“I don’t think we’ll see a threatened government shutdown again over this subject,” he said. “One of my favorite old Kentucky country sayings is ‘ There’s no education in the second kick of a mule,’ so I think there’ll be a new level of seriousnes­s here in trying to resolve these issues.”

Even so, it seemed unlikely that House and Senate negotiator­s would be able to strike the bipartisan, two-year budget deal they are striving for ahead of Feb. 8. Even if they do, lawmakers would need weeks to turn agreed-upon figures into complete spending bills for all the agencies of government.

Next week’s stopgap legislatio­n would be the fifth short-term “continuing resolution” of this fiscal year, a situation that is causing frustratio­n and fingerpoin­ting on all sides. That includes within GOP ranks, which could jeopardize passage of the resolution as conservati­ve lawmakers and defense hawks both threatened Thursday to withhold their votes.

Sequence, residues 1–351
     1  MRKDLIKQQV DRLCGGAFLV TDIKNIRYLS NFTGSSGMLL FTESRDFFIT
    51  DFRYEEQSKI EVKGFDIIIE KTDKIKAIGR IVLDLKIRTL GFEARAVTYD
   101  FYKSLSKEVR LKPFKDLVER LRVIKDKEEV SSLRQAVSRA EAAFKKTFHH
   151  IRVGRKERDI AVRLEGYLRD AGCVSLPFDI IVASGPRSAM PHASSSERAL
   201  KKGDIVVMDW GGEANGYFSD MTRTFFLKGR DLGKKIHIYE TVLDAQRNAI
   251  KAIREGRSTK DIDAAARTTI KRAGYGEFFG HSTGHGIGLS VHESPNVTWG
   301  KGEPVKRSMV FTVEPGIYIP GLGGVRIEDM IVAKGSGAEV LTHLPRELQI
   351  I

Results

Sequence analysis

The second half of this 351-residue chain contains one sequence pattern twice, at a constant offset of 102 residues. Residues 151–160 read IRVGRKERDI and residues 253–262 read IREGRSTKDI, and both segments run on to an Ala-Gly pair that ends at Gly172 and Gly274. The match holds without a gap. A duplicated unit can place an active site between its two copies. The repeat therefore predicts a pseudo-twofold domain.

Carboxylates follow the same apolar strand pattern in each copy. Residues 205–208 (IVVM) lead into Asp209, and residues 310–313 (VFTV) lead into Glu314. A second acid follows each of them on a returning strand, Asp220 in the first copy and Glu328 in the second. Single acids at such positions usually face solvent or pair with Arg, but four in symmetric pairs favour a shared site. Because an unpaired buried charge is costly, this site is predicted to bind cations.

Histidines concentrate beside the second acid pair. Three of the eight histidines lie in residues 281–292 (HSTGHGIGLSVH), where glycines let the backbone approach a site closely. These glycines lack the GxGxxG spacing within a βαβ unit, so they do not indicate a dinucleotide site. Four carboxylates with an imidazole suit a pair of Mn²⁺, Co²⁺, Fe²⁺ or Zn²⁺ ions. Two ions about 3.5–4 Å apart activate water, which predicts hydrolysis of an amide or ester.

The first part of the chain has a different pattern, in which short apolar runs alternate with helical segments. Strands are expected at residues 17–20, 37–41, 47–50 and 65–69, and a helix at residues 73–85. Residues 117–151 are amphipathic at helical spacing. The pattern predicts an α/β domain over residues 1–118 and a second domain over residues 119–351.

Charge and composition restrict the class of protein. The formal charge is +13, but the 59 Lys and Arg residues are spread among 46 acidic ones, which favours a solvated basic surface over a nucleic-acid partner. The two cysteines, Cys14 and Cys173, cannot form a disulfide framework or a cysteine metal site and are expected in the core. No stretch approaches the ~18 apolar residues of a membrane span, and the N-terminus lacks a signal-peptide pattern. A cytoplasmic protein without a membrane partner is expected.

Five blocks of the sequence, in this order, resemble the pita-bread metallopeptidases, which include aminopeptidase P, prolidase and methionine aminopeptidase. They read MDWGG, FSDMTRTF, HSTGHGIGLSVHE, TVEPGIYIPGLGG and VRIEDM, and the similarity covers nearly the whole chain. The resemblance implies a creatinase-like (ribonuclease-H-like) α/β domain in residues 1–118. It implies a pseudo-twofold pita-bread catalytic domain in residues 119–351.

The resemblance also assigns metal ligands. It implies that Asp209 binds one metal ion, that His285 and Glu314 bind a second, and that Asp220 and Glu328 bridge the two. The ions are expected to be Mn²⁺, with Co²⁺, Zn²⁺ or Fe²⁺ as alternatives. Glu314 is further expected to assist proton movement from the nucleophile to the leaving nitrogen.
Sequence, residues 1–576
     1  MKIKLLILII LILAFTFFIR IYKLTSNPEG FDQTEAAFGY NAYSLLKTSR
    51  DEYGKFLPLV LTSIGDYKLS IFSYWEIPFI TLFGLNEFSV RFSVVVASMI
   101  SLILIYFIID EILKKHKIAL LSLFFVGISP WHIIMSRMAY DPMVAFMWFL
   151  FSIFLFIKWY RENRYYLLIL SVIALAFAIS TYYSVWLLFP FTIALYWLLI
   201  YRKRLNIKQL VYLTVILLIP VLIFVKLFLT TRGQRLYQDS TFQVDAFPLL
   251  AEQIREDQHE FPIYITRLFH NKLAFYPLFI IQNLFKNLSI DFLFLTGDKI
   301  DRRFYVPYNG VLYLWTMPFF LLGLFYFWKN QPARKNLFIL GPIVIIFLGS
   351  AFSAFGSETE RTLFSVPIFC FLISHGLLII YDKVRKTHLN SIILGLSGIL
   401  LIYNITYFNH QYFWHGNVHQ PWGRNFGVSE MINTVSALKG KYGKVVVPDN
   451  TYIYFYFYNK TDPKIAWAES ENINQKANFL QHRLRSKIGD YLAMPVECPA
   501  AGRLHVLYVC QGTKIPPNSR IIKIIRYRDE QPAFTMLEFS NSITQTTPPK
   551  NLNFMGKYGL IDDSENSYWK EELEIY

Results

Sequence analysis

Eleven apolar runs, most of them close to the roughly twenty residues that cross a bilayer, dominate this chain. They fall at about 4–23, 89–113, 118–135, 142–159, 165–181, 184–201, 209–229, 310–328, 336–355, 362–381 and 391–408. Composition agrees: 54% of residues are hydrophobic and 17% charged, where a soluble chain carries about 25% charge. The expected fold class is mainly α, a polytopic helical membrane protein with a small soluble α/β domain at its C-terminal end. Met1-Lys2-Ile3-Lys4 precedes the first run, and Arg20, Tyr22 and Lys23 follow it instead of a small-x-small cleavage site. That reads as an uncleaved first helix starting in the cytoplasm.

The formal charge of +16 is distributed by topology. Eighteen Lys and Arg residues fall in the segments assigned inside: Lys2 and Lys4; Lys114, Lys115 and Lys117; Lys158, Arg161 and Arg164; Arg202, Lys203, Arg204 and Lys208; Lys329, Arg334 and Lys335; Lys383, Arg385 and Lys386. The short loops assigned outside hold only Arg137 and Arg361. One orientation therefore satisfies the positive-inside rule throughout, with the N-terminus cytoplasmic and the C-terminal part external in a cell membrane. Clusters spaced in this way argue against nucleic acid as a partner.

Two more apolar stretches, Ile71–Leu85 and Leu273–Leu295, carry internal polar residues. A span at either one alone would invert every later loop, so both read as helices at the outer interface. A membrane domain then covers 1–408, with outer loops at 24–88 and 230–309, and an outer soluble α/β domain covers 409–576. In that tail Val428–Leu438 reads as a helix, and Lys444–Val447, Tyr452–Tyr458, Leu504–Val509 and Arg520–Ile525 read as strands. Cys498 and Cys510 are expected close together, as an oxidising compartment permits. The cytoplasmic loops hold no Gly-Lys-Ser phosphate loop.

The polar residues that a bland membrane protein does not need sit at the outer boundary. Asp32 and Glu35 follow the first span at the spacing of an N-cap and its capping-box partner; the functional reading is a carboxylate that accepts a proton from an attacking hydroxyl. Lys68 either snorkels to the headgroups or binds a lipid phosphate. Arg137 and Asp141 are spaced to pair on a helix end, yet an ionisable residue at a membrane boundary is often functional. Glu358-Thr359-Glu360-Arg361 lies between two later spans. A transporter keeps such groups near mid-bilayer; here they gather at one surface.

Rep. Mark Meadows (R-N.C.), chairman of the conservati­ve House Freedom Caucus, said his group might not support another short-term spending bill without promises of action on higher military spending levels and other issues.

“I don’t see the probabilit­y of the Freedom Caucus supporting a fifth CR without substantia­l changes by Feb. 8 unless we see dramatic changes,” Meadows told reporters. “We’ve had the land of promise for four times now on CRs. It’s time to put some real commitment to the effort before a fifth CR.”